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Arrogance Has Founders Seeing Red (Cups, Meat and Eyes)

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Of the icons that mark the holiday season, few are more celebrated than the Starbucks Red Cup. Communities count down the daysto their arrival, and their presence is so ubiquitous in crowded shopping areas that they take on a talismanic quality. The first day red cups are in stores signals the beginning of the holiday season — and commences America’s annual debate on the role of Christmas in secular society.

Starbucks is known as much for their mediocre coffeeas it is for the unabashedly — and publicly — liberal views of long-time (former) CEO cum celebrity Howard Schultz. Schultz has made a practice of imposing his personal beliefs onto the company — he may believe his views are in the right, but data indicate customers are not terribly excited about connecting coffee with cause. His co-opting of Starbucks as a platform for his own opinion means that the release of each year’s holiday cup is more than a statement on aesthetics: it’s to be parsed as a salvo in the ongoing “war” against Christmas. Schultz may value the red cup as a symbol of belonging to his blue tribe, but should agreement with his opinions on the treatment of refugeesbe a prerequisite to enjoying a latte? …


What I Learned in the Recession: Never, Ever Give Up

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For the first eight months, 2008 was a really good year.

Elauwit Media, a community newspaper company founded by long-time friend Dan McDonough, was entering its fourth year. Dan had persuaded me to drop out of school a few years before to join this adventure, which had become a rapidly-growing example of how community news, and print, could still thrive in the digital era. We were crushing it.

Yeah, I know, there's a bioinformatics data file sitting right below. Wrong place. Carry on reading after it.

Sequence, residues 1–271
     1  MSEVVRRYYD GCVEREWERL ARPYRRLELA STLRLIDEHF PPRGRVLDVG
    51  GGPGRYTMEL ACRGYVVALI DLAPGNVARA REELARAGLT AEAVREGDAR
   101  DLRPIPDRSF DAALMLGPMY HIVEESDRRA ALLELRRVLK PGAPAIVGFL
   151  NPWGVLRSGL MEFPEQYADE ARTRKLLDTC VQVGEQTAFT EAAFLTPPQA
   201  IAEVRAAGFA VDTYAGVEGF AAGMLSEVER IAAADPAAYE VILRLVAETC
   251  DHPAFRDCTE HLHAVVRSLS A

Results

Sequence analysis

Elauwit started with a single newspaper in Haddonfield, NJ, and by the end of 2007 we were in seven towns across South Jersey. I lead the company’s sales and marketing efforts, and in 2008 our two-dozen employees were in the thick of an expansion into the Main Line of Philadelphia. …


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Gilded Corporate Palaces Are the Ultimate Rejection of Customer Focus

One of the nation’s most prominent tech companies is in the market for a second headquarters. They’re based on the West Coast, start with the letter “A,” and have a brand that simultaneously delights their customers and frightens their rivals: Apple. They are undergoing a quiet, deliberate search for space to house more new employees. It hasn’t been front-page news — and maybe that’s because Apple has learned a messaging strategy built around the corporate headquarters isn’t all its made out to be.

The growing company recently opened its long-awaited “spaceship” campus. While the accolades about design have piled up, the HQ’s development has paralleled with a number of uncharacteristic missteps. Reports have noted that Jony Ive, Apple’s design leader, has been spending more time on the campus itself than products. Public reports indicate he’s not involved in this next HQ project, which is probably for the better: deploying your most valuable resources on your own office space is the opposite of customer-centric thinking that Apple claims to embody. …

About

Ed Lynes

Partner & founder @wodenworks. Lover of Boston, bourbon, bow ties, and (a wheaten terrier named) Bailey.

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